Musk’s Bitcoin Backpedaling Is Latest in Long Line of Turnabouts

Tesla Inc.’s abrupt about-face on Bitcoin is nothing new for Elon Musk.

The chief executive officer has U-turned on many occasions before this week’s surprise decision to suspend accepting the cryptocurrency for Tesla vehicle purchases.

Here are a few other notable examples:

‘Funding Secured’

Musk shocked the business world with his August 2018 tweet saying he was considering taking Tesla private at $420 a share. He claimed he had secured funding for the maneuver and wrote that investor support had been confirmed.

Two weeks later, Musk aborted the mission, saying most Tesla shareholders believed the company was better off remaining public. After the U.S. Securities and Exchange Commission sued, Musk and the company each agreed to pay $20 million, and he was barred from serving as chairman for three years.

Job Cuts

Musk said on several occasions in 2018 that Tesla was on the cusp of profitability as it ramped up production of Model 3 sedans. “Our earnings profile has flipped dramatically,” he wrote to shareholders in October of that year.

So it was jarring when the CEO announced in January 2019 that the road ahead for Tesla would be “very difficult” and that the company needed to dismiss 7% of employees. In June of that year, he wrote in an internal memo that Tesla was cutting more jobs so that it would never have to do so again. He told sales and marketing staff early the following year that their roles were at risk.

Retail Reversal

Tesla announced in February 2019 it planned to close stores in all but a small number of high-traffic locations as a cost-saving measure that would allow the company to sell the Model 3 for $35,000.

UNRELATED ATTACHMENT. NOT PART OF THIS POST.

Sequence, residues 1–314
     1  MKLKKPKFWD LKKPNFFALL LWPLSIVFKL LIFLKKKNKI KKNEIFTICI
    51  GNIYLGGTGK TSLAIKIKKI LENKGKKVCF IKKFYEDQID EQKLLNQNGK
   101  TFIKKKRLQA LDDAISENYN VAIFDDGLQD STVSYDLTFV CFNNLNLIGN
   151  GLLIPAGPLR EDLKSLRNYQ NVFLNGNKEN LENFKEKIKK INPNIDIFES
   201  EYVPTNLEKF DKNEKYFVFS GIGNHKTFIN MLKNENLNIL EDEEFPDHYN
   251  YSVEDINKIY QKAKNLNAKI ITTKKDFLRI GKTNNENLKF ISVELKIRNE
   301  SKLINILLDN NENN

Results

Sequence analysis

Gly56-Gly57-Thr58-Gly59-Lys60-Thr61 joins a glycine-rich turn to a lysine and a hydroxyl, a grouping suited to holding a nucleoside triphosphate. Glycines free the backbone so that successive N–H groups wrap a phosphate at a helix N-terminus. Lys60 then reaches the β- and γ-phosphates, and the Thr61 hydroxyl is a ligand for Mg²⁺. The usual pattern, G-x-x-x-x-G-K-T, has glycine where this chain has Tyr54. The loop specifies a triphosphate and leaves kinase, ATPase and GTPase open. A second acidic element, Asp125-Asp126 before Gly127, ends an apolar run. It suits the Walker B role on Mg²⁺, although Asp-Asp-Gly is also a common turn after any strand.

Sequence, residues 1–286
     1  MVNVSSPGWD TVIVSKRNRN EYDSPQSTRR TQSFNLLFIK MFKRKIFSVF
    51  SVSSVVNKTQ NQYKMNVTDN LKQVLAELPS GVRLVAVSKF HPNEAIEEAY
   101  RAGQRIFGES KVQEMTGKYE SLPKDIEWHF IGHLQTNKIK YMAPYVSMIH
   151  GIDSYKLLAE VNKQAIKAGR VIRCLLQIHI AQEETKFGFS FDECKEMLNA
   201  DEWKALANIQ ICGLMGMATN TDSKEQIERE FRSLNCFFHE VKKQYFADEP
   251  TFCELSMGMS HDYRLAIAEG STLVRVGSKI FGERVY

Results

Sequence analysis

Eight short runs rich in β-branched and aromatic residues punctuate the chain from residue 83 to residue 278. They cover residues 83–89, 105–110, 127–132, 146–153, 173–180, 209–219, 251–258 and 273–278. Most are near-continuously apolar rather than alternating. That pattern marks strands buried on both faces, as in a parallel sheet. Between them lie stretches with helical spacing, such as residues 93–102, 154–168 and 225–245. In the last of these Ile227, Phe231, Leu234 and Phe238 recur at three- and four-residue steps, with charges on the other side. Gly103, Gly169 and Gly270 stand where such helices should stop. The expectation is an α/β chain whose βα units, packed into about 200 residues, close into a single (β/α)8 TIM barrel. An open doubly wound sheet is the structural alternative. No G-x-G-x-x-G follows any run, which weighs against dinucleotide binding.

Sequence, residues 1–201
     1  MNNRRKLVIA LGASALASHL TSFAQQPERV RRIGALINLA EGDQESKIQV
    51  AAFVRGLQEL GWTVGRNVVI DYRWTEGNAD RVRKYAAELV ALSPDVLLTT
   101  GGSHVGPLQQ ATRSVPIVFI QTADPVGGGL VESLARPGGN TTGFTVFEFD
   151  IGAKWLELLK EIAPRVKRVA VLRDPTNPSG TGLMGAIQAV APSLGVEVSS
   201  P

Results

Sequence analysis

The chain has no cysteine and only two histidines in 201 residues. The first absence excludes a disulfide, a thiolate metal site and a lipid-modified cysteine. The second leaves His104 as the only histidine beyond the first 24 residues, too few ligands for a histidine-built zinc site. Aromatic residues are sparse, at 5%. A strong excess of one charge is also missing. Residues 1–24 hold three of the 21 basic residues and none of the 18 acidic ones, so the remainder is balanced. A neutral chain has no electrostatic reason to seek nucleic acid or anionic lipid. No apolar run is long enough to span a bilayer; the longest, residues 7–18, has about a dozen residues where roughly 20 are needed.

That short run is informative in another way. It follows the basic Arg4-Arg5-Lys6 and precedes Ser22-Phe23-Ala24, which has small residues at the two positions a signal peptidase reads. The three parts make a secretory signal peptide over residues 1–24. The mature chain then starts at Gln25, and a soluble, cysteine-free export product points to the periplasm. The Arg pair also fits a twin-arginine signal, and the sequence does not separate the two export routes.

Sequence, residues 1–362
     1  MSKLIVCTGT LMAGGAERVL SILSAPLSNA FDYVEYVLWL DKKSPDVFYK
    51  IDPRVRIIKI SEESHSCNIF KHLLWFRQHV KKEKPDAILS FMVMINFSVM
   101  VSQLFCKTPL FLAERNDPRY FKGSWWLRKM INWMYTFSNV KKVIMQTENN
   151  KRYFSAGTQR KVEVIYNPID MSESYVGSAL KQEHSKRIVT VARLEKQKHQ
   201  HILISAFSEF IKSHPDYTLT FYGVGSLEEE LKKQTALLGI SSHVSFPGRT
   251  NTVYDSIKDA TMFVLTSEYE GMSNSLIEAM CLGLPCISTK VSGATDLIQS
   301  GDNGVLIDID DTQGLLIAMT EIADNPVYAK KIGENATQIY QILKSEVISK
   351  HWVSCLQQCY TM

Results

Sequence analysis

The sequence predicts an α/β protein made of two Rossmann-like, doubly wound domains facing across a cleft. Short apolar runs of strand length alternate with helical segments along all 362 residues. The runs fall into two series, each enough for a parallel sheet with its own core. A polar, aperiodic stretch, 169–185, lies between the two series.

The carmaker backtracked just 10 days later, deciding to keep stores open and raising the prices of its vehicles as a result.

Capital Raises

Musk has repeatedly flip-flopped with regard to whether Tesla has needed to raise money. In October 2019, he said the goal was for the company to fund itself, only to then reopen the door to outside capital six months later.

In early 2020, Musk said raising money didn’t make sense for Tesla. The company announced a $2 billion stock offering two weeks later and ended up raising a total of about $12 billion last year.


In September, Musk told the New York Times he would not get vaccinated, saying he wasn’t at risk for Covid-19. When columnist Kara Swisher pressed further on his views about the virus, the CEO threatened to end the interview.

Last month, Musk tweeted that he supported vaccines in general and Covid-19 inoculations specifically. “The science is unequivocal,” he wrote.

©2021 Bloomberg L.P.

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